Posted by Tim Chen, OSU undergrad and Career Services Career Assistant
A couple of days ago, a friend of mine approached me about how he needed to write up a resume for a position the night before it was due. I mentioned to him that the general resume writing process takes time since it requires a lot of self reflection, but we spent the time to sit down and tough it out anyway.
After spending roughly an hour going through a quick draft, I decided that it is possible to create an initial resume in a short timeframe. I personally highly discourage students go through this process for any job application, but I encourage students use this process as a way to get a generic resume started. Most students seem to have trouble figuring out what to write in a resume. It’s definitely easier once a draft has been made.
And with the Career Fair coming up, many students are struggling to figure out how to create a decent looking resume. I have decided to try and compile a simple must-have list that will give you a jump start in marketing your skills to employers.
The key things a student should include in their quickly written resume:
1) Identification: the most important information on a resume, the applicant’s contact information. Students should include their name (in a large font size such as 20), mailing address, phone number, and e-mail address (make sure it’s professional, I encourage students to put their ONID e-mail address on there). The location of the job does affect the addresses you need. If the job is on campus or within the vicinity, use the current address. If the job is back home or out of town, include both the current and permanent address. Make sure the current and permanent address is bolded so the reader knows which location belongs to which.
2) Education: unless you have written a resume before, you generally want to place your institution at the top. Include the name and location of the school, the degree you have received (or intend on receiving), and your expected graduation date. If your GPA is above a 3.0, list it. Here is an example of what this may look like:
Oregon State University, Corvallis, OR
Bachelor of Arts in New Media Communications
Minor in Chinese
Expected Graduation: June 2011
Depending on your major, if you have taken classes that teach a specialized skill that can satisfy the requirements for a given position, take this chance to market yourself! This way, if you submit a resume that matches the qualifications of the position, your chances of getting an interview for the position increases dramatically.
Relevant Coursework: MatLab, SolidWorks, AutoCAD, Java Programming
This section can either appear at the end of your Education experience (but before your GPA), or appear as its own section before experience.
3) Experience: this section covers the bulk of your resume. Many students believe that only job employment belongs in this section. This statement is NOT true. If a student had previous employment, they should definitely include that because it shows that they understand the roles and responsibilities of a job. If a student does not have previous employment experience, then they need to start brainstorming on any significant involvement. This includes volunteer work, course work, special projects, and more. After coming up with the list, figure out which experience contains enough transferable skills to talk about. The importance of transferable skills is the ability to tell the reader how those skills from previous experiences can benefit the organization.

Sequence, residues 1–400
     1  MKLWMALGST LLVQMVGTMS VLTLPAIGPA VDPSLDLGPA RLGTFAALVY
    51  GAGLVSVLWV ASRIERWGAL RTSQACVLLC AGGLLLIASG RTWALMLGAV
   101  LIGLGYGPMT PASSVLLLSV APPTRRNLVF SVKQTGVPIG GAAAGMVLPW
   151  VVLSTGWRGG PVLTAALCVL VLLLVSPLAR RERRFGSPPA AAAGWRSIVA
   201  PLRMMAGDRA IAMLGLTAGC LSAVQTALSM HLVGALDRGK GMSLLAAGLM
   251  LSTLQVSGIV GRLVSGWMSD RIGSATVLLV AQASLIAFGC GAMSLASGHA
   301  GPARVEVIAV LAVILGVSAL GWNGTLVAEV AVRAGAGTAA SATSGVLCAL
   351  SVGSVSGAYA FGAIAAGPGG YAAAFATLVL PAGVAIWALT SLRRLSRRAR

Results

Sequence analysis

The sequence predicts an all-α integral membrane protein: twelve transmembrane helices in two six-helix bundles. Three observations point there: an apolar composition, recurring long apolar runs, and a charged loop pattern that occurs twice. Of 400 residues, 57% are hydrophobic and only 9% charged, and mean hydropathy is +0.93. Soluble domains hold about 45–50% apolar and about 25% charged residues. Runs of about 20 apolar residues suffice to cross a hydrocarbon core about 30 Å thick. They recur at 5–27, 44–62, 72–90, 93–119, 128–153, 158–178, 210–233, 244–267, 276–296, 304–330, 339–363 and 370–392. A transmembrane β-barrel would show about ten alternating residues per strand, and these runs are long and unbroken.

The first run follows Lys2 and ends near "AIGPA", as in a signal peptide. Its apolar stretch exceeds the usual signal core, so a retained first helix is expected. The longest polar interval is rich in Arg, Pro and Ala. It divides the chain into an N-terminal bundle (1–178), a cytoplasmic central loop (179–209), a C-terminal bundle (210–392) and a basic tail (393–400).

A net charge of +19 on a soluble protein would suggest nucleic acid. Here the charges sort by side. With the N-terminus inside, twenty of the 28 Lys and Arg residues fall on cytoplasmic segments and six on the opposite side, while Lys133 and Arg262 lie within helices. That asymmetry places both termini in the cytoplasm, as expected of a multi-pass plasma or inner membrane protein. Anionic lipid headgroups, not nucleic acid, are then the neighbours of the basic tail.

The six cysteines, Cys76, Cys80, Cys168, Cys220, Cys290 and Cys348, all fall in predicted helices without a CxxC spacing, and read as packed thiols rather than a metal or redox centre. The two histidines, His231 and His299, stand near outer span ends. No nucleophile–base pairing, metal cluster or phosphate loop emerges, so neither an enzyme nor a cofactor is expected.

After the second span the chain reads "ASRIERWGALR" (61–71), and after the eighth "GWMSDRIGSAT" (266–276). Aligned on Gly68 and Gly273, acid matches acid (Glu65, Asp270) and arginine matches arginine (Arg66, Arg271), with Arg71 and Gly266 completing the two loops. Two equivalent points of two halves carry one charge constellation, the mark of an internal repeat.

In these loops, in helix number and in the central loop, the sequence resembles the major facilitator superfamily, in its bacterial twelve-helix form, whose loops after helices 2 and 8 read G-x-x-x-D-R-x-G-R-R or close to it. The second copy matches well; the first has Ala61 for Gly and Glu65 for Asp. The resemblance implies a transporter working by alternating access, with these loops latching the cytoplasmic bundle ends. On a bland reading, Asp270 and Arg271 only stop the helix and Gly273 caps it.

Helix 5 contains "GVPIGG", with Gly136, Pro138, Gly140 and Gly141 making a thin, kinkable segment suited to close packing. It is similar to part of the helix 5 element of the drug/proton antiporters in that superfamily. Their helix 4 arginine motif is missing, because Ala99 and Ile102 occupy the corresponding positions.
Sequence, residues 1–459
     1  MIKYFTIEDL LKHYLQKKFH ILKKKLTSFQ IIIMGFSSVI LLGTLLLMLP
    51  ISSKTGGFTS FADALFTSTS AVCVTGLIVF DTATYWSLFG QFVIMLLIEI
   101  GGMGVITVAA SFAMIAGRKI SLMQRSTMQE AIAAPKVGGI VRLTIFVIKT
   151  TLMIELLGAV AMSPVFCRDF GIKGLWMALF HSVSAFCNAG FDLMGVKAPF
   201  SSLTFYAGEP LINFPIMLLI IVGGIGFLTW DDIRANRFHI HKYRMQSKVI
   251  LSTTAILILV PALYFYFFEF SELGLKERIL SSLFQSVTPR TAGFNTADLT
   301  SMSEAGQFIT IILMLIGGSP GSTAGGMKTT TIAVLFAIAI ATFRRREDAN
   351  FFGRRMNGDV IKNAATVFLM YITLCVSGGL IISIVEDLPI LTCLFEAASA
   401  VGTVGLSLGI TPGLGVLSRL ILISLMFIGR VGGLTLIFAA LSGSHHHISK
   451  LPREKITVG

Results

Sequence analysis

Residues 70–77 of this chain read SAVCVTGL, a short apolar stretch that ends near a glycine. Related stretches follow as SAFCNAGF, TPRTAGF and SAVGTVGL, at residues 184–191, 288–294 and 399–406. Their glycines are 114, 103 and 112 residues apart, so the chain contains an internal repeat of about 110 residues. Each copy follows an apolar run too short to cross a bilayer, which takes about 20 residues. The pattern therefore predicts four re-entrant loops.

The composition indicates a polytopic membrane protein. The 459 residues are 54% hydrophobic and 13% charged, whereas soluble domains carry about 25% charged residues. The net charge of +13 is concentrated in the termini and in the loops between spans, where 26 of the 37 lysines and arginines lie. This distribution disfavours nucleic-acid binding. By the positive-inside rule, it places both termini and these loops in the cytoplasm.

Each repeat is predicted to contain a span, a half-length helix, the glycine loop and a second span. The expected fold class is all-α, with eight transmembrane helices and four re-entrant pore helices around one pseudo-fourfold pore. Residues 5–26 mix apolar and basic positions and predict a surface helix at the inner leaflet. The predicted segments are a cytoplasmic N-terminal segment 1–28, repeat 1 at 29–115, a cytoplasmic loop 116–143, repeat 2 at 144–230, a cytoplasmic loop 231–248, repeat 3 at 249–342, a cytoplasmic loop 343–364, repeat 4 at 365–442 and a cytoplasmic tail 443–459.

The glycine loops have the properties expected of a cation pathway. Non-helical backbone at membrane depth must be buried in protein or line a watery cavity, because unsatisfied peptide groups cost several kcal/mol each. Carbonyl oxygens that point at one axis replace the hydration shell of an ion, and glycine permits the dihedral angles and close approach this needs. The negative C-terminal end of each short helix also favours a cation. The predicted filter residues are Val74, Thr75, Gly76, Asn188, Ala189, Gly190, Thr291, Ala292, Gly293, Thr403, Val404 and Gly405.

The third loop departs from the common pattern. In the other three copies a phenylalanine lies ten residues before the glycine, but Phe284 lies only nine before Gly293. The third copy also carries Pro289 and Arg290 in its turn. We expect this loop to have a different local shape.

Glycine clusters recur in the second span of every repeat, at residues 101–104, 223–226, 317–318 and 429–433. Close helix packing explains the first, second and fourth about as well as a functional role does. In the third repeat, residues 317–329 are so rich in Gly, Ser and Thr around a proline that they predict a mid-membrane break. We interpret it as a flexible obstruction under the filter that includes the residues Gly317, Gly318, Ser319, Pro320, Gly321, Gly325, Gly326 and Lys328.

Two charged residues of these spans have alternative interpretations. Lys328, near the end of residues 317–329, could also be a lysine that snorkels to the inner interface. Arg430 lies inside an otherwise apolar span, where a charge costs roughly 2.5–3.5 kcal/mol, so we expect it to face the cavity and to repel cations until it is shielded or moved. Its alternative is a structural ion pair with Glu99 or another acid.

Generally, I believe that a decent quick resume should include at least three experiences and three bullet points to describe their role. Sometimes this step is difficult, especially if you feel that you didn’t play a big role in a previous position. Your best bet is to brainstorm and figure out how to accurately reflect your role—think hard on the skills you used in that role. For example, if you worked at a fast food chain, you probably learned how to properly handle food, provide superb customer service, and learned how to handle transactions (assuming you worked at the cash register).
4) Awards, Activities, and Interests: If you still have a little room after listing your experiences, take this chance to talk about any awards you have received, any activities you’re involved in, and possibly what you like to do during your spare time. This section allows for the interviewer to get a better understanding of what you do outside of your time. Ideally, advertising your awards and achievements make you look like a star player. A list of some clubs, organizations, or activities shows that you’re an involved person. Interests should only come in if you can’t come up with something.
At the end of this walkthrough, you should now have a decent looking resume. All of the information should fit within a page and appear in either size 11 or 12 font (depending on how much depth you have put into it). Make sure that you proofread it again and have someone else look over it so that the information makes sense. Try and stop by Career Services for a drop-in appointment and have a Career Assistant look it over! Drop-in appointments take place Monday through Thursday’s from 1-4PM in the basement of Kerr (B008).
I hope you have found this walkthrough helpful in getting a start on your resume!